Municipal Corporation Act. Reading this section it is obvious that exemption
for levy for general tax could be granted if the Society which is running the
school was a Society for charitable purposes.
purpose is defined in the explanation to clause (4) of Section 115. No doubt
the School is impart68 ing education but in order to qualify for exemption, it
had to give education and medical relief. Admittedly fees are charged from
students. Mere imparting of education cannot be called giving relief. We,
therefore, find nothing wrong with the stand taken by the Municipal Corporation
of Delhi. Dismissed." The present Civil
Appeal by special leave is directed against this judgment.
learned counsel for the petitioner has contended that in view of the language
of s. 115(4)(a), quoted below, it is not correct to suggest that to qualify for
exemption from the tax liability it is necessary for a society to offer medical
lands and buildings or portions of lands and buildings exclusively occupied and
used for public worship or by a society or body for a charitable purpose:
that such society or body is supported wholly or in part by voluntary
contributions, applies its profits, if any, or other income in promoting its
objects and does not pay any dividend or bonus to its members.
purpose" includes relief of the poor, education and medical relief but
does not include a purpose which relates exclusively to religious
teaching;" The argument is well founded. The test of 'charitable purpose'
is satisfied by the proof of any of the three conditions, namely, relief of the
poor, education, or medical relief. The fact that some fee is charged from the
students is also not decisive inasmuch as the proviso indicates that the
expenditure incurred in running the society may be supported either wholly or
in part by voluntary contributions. Besides, the explanation is in terms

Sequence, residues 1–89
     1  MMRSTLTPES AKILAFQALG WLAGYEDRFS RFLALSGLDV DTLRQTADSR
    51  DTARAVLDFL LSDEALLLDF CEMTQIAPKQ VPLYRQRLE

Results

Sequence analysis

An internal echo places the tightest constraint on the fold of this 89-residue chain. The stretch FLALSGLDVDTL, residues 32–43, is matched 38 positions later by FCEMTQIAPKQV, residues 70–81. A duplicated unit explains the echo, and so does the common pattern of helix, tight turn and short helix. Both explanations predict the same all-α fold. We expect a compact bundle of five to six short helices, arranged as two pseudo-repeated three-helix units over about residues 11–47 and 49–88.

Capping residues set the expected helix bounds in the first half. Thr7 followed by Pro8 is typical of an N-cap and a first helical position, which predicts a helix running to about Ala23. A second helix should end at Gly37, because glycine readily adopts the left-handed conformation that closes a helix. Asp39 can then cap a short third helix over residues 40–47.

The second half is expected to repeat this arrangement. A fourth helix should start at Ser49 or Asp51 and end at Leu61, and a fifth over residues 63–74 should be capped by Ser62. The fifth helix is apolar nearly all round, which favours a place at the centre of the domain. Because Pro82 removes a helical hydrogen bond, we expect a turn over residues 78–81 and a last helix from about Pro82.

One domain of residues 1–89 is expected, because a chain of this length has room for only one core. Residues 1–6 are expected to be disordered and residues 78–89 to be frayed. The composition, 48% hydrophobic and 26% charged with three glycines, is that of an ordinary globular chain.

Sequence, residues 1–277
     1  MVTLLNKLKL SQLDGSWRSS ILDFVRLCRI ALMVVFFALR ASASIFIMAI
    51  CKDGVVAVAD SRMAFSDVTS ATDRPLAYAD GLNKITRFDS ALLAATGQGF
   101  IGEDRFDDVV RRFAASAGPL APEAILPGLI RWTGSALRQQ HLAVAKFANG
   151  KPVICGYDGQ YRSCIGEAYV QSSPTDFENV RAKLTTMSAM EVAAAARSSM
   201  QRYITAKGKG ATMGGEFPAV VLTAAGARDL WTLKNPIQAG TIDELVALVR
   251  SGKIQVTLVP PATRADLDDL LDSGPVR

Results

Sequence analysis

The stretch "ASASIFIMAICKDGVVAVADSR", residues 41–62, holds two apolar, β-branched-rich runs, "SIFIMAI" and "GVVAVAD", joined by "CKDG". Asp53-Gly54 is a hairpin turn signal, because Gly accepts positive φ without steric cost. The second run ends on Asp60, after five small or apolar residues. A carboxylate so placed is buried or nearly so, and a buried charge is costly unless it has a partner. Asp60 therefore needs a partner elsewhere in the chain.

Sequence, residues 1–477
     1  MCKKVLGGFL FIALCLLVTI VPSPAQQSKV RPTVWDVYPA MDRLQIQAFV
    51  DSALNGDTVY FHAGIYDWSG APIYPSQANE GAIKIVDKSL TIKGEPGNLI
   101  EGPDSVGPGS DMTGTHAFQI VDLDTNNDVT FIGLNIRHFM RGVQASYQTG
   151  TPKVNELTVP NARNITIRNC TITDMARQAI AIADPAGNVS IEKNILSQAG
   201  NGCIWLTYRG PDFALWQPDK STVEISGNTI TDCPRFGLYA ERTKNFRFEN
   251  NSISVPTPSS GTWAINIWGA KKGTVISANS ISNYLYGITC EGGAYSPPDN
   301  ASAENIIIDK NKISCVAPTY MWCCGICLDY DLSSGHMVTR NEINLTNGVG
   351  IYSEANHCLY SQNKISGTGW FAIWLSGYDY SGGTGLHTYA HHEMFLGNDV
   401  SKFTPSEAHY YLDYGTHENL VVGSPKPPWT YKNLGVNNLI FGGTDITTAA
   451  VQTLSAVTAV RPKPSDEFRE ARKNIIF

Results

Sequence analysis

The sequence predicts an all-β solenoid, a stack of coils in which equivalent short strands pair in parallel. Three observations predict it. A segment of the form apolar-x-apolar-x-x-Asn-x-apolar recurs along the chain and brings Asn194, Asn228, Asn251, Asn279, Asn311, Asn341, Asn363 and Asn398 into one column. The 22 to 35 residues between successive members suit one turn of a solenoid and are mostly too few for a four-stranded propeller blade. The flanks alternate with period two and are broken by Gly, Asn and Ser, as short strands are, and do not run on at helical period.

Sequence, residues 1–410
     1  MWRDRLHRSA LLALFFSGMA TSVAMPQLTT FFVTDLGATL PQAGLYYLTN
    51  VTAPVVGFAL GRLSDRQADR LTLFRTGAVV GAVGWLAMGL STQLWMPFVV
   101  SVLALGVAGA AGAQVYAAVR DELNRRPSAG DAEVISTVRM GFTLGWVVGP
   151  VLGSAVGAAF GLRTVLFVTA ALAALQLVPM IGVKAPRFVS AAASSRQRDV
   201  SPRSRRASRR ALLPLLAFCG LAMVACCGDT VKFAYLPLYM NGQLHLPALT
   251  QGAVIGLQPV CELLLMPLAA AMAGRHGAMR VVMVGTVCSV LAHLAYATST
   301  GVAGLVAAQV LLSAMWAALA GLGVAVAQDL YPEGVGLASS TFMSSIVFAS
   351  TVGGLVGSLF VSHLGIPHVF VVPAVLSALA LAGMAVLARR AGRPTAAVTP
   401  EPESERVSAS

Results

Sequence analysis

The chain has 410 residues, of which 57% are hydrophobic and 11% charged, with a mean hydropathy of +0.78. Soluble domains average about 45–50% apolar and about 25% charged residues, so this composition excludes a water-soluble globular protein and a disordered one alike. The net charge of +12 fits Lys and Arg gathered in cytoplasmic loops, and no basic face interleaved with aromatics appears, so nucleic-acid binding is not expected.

inclusive and not exhaustive. The impugned judgment must, therefore, be held to
B. Sen, the learned counsel representing the respondent Municipal Corporation,
contended that although he is not in a position to support the reasoning given
by the High Court, the petitioner is for other reasons not entitled to the
exemption claimed and the High Court's judgment is, therefore, correct. He
urged that in view of the 69 relevant facts and circumstances in the case, as
is evident by the assessment order, the claim of the petitioner that its
purpose is charitable cannot be accepted. Since, the High Court has not
adverted to the facts of the case relied upon by the learned counsel for the
parties and has not expressed its opinion on the other aspects of the case, we
are of the view that the case should go back on remand to it for fresh
decision. During the pendency of the case in this Court the parties have filed
further affidavits. It will be open to them to file additional affidavits and
other materials in support of their respective cases. This, however, they
should do within one month from today, so that the case which is an old one may
be disposed of expeditiously.
Civil Misc. Petition No. 11315 of 1989 has not been pressed and is, therefore,
dismissed; and the Writ Petition No. 265 of 1980 is permitted to be withdrawn
as prayed for on behalf of the petitioner. Civil Appeal No. 43 of 1982 is
allowed and the case is remitted to the High Court for fresh decision in the
light of the observations made above. There will be no order as to costs of
this Court. In view of the urgent nature of the case, the High Court is
requested to dispose of the writ petition as expeditiously as may be possible.